My Love/Hate relationship with Christmas Decorations

I usually do my thinking, early in the morning in the car during my daily, hour-long drive to work speeding over the New Jersey Turnpike from Pennsylvania to almost into New York. At the time I am driving there I can still put it on Cruise Control and just leave it on 75mph. With a double coffee next to me, my satellite radio on one of my favorite channels, I wake up slowly during that time.

So, with that, and at this moment seeing all the Christmas decoration around me, and also at home, I started wonder something when I accidentally thought about my to-do list in the car. Really accidentally; I make sure I do not think about work as soon as I leave the office. That is my time, and that moment my time is dedicated to me, my family and the things I do on the side.

But this thought that I had this morning, is actually a follow-up on my post from yesterday, mentioning bugs in IT productions. Why is it a giant issue if a button thast is created in a program that someone get as a free service, while everyone is dealing without official complaints, with Christmas decorations. Please. Not only have I been cursing in the middle of the night last week during the first snow-storm hitting the east coast last week, while my icicle-lights kept falling off the front-porch gutter. Time and time again, while every hook breaks off. And then, when they are finally hanging, one part just breaks down, so there goes the ‘continous’ rain of sparking ligths, no, we have a nice dark part exactly in the middle right now.

We already came a long way since the ‘one light’s out, everything is out’ kind of string lighting. Decorations fall into a gazillion and twentyfive pieces every time our cat simply rubs itself against the stump of the tree, giving her every year at least a new heart-attack. It has about 2 lives left I guess.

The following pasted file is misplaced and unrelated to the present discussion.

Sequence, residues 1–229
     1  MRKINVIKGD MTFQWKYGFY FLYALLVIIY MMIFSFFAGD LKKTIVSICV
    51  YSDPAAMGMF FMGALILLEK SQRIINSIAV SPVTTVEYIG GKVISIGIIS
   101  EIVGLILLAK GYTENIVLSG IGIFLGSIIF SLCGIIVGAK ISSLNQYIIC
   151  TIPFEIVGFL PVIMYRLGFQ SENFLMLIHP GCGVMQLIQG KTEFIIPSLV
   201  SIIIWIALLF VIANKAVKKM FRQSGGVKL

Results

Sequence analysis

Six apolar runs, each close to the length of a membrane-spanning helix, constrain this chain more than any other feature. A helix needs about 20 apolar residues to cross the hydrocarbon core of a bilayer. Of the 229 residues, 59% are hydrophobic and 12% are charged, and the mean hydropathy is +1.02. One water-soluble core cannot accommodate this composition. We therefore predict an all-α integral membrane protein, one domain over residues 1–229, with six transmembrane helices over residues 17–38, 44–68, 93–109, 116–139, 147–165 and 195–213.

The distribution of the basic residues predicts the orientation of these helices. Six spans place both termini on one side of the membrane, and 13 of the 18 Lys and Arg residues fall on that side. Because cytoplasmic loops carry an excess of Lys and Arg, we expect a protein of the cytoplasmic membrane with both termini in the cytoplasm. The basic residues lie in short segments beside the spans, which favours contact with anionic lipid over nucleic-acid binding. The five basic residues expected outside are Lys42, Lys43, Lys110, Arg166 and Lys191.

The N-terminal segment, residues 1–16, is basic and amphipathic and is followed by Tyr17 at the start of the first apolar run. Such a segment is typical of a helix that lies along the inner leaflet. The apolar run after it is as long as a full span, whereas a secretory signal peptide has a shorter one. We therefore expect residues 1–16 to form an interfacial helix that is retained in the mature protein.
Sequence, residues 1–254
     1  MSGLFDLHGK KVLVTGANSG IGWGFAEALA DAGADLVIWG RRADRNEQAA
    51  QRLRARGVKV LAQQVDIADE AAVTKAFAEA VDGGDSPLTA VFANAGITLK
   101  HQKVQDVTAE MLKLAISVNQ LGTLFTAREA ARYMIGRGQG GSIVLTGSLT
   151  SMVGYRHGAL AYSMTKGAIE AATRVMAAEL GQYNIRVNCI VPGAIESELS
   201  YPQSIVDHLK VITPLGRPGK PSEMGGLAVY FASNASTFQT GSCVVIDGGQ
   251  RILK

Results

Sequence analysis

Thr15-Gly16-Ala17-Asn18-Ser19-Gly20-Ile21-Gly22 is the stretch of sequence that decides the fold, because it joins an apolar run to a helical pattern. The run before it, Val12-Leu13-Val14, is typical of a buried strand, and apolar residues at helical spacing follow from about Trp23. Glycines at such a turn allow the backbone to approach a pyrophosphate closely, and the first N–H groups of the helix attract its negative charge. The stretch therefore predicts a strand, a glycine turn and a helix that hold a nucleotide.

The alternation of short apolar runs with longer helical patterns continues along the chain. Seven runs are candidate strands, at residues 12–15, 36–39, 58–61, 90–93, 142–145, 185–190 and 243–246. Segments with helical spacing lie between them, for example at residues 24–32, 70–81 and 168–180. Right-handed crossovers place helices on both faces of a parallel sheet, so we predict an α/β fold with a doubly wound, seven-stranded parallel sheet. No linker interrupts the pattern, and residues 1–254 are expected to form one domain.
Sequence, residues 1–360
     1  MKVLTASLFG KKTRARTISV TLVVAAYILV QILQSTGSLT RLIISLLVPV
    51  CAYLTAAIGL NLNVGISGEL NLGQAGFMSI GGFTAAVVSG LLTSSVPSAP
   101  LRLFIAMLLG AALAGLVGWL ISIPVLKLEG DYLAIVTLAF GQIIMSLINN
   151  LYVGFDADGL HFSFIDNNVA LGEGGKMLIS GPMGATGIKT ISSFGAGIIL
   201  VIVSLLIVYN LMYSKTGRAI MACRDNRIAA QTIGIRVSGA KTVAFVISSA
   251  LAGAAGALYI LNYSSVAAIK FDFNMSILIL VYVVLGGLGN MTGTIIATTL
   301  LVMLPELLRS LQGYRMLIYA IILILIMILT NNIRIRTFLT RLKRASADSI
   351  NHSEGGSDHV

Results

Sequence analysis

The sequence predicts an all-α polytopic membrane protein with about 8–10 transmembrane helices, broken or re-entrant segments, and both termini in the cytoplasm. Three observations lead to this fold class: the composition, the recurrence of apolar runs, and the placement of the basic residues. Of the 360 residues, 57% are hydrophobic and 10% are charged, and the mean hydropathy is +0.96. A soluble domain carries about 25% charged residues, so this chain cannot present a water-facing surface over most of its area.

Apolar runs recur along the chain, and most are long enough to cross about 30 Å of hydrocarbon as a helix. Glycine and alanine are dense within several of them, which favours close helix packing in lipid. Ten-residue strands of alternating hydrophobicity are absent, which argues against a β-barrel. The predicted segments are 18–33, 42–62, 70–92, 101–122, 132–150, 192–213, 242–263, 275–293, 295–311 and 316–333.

My wife bought a lighted and animated stick-wooden reindeer at Target last year. Nice thing, absolutely, but putting it together was like taking a visit to hell itself. Because somehow this raindeer, standing about 60″ tall, and about 50″ wide, somehow fit in a 20″ by 30″ box. And when I say, it is a stick-reindeer, I am not talking about a stick-look-a-like, no, it is completely made from sticks and when opening the box a mass of cut-down scandinavian forrest jumps at me. My daughter picked the one-tiny-page copied instructions out of the box, where the whole instruction is crammed into one single visual that even Ikea put in 25 different steps. This reindeer shows on the box the retail price of $79.99 .

These days, for $80, you buy the home edition of Microsoft Office, including Word, Excel and Powerpoint. With that, you get a whole year of standard support, access to MS their almost unlimited online help system, and an unlimited number of fixes and updates for as long as they support the product, usually between 8-10 years. It takes care of practically all your administration needs for you as a professional, student or just for basic work.

For $10 more, you buy from Adobe, Photoshop Lightroom, an in my eyes very valuable addition to the photoshop system if you are a semi-pro of professional photographer, managing your photo collections in many ways, hooking it up to retail, your personal created filters and visual management, liberating you from a lot of time that you can put into your work.

For $80 I bought last year’s Bethesda’s Softwors’ Fallout 3, one of the best games every made that provided me with many and many hours of pure, well thought out entertainment. Covering also many updates and without any technical issue (as I have experienced, but as we know there are no programs without bugs).

So. Here I was, dealing with the instructions of putting dear old Rudolph together, had to rewire most of the thing because it was not well constructed, then it blew away during the first breeze because the pins that were included with the wooden animal were too small to really dig deep into the ground.

How can it be that we all accept this kind of stuff that also breaks down all the time in our lives all the time, but that if we find that the click color of a button in a system is a little bit off, that it is actually a major problem. It is not broken, not even wrong, just, not exactly what we want. Sigh.

It is not that I defend things that I should have done right the first time around, that is part of my job. And I do not mind it. What makes me wonder why quality is expected in this area, but we all buy tons of things that we are actually expecting to be horrible to deal with. Ah, there is enough work in the world for psychologists in the next couple of, well, hundred years 😉

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